Moncrieff: 730-743; Treharne: 530-540
by Dennis Abrams
“And these old-time prejudices restored in a flash to the friends of M. and Mme de Guermantes their lost poetry…They knew perhaps better than I that the Duchesse de Guise was Princess of Cleves, of Orleans, of Porcien, and all the rest, but they had known, long before they knew all these names, the face of the Duchesse de Guise which thenceforth that name reflected back to them. I had begun with the fairy, even if she was fated soon to perish, they with the woman.” Absurd stories about the Grand Duke of Luxembourg. “I cannot, by the way, say how many times in the course of this evening I heard the word ‘cousin’ used. M. de Guermantes, almost at every name that was mentioned, exclaimed: ‘But he’s Oriane’s cousin!’ with the sudden delight of a man who, lost in a forest, reads at the ends of a pair of arrows pointing in opposite diretions on a signpost, and followed by quite a low number of kilometres, the words: ‘Belvedere Casmir-Perier’ and ‘Croix du Grand-Veneur,’ and gathers from them that he is on the right road.” The dreaded Turkish Ambassadress, little received in society, arrives after dinner, seemingly “endowed with a real power of assimilating knowledge,” but who was “incidentally, a dangerous person to listen to, for, perpetually in error, she would point out to you as being of the loosest morals women of irreproachable virtue, would put you on your guard against a man with the most honourable intentions, and would tell you anecdotes of the sort that seem always to have come out of a book, not so much because they are serious as because they are so wildly improbable.” The Ambassadress does not care for the Princesse de Guermantes. Marcel enjoys a poetic pleasure listening to the conversations of who is related to whom. The chain which links M. de Guermantes to Mme d’Arpajon. M. de Luxembourg is attacked again, and compared, unfairly to an ass. The Turkish Ambassadress warns Marcel to be careful when he’s with M. de Guermantes, “I mean to say — verb. sap. — he’s a man to whom one could safely entrust one’s daughter, but not one’s son,” a statement which Marcel finds impossible to believe. “But error, untruth fatuously believed, were for the Ambassadress like a vital element out of which she could not move.” The magical names of the aristocracy; names and places, names and history. “…it had never occurred to me that this or that name of a castle could have been, at an epoch which after all was comparatively recent, the name of a family.” M. de Guermantes mentioned “my cousin was a fanatical royalist; she was the daughter of the Marquis de Feterne…” a name that to Marcel “since my stay at Balbec, had been the name of a castle, [became], what I had never dreamed that it could possibly be, a family name. I felt the same astonishment as in reading a fairy-tale where turrets and a terrace come to life and turn into men and women.” The possibility that the names he knows now, such as Charlus, can fade as well, and become merely the name of a village no longer linked to an actual personage.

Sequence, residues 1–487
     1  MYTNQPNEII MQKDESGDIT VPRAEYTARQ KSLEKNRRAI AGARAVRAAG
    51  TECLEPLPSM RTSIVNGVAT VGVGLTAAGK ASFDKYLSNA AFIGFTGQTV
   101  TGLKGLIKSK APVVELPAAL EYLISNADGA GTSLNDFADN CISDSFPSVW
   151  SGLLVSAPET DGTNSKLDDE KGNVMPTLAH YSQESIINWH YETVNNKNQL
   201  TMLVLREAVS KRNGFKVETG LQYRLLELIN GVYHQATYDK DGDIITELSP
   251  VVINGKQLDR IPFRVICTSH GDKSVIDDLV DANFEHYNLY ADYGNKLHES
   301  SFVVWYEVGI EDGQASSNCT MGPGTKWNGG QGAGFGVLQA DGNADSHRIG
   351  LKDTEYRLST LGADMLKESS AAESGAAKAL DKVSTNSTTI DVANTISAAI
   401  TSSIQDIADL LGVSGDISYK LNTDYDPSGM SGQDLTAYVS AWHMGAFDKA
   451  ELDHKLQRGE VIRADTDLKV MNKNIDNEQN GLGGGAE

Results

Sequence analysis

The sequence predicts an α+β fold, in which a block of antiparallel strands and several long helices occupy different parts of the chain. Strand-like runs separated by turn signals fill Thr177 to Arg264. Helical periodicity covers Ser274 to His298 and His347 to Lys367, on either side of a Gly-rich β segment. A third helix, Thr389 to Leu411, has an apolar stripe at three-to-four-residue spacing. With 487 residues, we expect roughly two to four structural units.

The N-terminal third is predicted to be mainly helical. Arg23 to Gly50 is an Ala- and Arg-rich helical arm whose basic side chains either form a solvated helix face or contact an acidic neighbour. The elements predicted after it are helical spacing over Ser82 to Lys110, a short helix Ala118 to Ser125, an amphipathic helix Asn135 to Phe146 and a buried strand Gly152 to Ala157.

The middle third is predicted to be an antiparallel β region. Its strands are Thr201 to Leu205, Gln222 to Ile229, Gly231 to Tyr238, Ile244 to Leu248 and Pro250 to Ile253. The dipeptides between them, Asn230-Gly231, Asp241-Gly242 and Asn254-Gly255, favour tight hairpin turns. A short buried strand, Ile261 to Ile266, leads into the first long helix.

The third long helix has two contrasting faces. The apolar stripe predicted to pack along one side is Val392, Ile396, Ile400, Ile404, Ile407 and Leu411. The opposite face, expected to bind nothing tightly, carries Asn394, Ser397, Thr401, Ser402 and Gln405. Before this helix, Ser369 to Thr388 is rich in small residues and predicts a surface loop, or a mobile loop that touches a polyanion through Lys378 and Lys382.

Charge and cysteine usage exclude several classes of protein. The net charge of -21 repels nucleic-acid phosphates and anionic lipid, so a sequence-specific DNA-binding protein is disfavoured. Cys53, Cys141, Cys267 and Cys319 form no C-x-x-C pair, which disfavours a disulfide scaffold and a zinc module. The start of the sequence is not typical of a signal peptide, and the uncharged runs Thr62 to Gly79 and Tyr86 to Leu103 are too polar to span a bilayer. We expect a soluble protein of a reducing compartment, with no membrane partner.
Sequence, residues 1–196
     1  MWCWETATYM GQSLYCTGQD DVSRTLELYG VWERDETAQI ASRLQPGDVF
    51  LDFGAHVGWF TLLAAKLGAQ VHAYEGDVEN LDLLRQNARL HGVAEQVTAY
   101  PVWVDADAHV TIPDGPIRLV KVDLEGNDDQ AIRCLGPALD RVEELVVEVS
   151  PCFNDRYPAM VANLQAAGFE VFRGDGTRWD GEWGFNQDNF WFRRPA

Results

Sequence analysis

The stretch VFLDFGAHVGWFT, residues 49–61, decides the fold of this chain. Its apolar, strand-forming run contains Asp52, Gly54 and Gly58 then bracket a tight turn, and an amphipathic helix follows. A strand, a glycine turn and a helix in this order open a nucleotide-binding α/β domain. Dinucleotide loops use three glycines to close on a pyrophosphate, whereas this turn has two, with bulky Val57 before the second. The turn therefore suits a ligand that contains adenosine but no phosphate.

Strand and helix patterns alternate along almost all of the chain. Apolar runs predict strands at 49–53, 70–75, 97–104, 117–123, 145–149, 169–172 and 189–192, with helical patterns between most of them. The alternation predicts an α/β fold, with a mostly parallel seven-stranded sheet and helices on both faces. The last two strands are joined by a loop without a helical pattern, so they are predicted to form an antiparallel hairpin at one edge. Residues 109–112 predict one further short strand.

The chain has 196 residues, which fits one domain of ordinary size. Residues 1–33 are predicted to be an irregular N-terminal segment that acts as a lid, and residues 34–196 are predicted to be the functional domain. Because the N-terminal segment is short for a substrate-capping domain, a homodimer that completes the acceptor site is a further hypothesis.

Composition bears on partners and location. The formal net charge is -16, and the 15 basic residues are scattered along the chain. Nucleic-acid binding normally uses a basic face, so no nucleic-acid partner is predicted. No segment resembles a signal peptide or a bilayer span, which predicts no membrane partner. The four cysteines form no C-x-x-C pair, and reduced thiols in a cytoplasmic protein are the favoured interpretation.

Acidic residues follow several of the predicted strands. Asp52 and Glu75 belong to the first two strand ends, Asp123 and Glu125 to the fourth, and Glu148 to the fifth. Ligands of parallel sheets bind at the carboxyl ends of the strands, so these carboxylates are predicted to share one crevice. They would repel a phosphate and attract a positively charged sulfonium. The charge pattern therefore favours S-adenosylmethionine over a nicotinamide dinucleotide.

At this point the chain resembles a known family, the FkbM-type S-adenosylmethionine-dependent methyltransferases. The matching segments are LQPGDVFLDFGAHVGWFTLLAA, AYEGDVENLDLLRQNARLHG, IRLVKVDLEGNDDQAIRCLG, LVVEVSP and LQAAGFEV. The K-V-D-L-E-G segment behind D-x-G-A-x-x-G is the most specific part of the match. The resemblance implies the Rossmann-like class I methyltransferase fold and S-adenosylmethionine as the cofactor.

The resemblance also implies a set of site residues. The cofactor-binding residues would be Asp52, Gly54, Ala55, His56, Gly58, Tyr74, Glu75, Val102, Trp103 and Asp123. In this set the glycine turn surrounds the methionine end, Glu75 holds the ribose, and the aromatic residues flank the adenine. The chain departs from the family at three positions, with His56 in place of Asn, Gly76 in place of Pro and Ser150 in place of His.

A couple of things…
1. I needed to jar my memory on this one: Why was Marcel so angry at the guests for speaking badly about the Grand Duke de Luxembourg? We first “met” the Grand Duke (the former Comte de Nassau) during the scene of the death of Marcel’s grandmother. Marcel had intially met him at Balbec, described him as “one of the most striking young men I had ever met,” and “was deeply touched by the letters which he wrote to me regularly during my grandmother’s illness, and Mamma herself, in her emotion, quoted sadly one of her mother’s expressions: ‘Sevigne would not have put it better.'” High praise indeed.
2. And while this party may be going on a tad long, I was deeply struck by the following passage, and found myself musing along with Marcel (which sounds like a great title for a magazine column) about names, places, and history…place-names indeed.
“When M. de Guermantes, to explain how he was related to Mme d’Arpajon, was obliged to go back, so far and so simply, along the chain formed by the joined hands of three or five ancestresses, to Marie-Louise of Colbert, it was the same thing again: in each of these cases, a great historical event appeared only in passing, masked, distorted, reduced, in the name of a property, in the Christian names of a woman, chosen for her because she was the granddaughter of Louis-Phillipe and Marie Amelie, considered no longer as King and Queen of France, but only insofar as, in their capacity as grandparents, they bequeathed a heritage…Thus does the aristocracy, in its heavy structure, pierced with rare windows, admitting a scant daylight, showing the same incapacity to soar but also the same massive and blind force as Romanesque architecture, embody all our history, immuring it, beetling over it.
Thus the empty spaces of my memory were covered by degrees with names which in arranging, composing themselves in relation to one another, in linking themselves to one another by increasingly numerous connexions, resembled those finished works of art in which there is not one touch that is isolated, in which every part in turn receives from the rest a justification which it confers on them in turn.”
Moncrieff: Page 743 “However, my historical curioisty was faint in comparsion with my aesthetic pleasure,” through Page 756 “…as well as his Bing furniture.”
Treharne: Page 540 “Yet my historical curiosity paled before my aesthetic pleasure,” through Page 549 “…in the same way as she did to his Bing furniture.”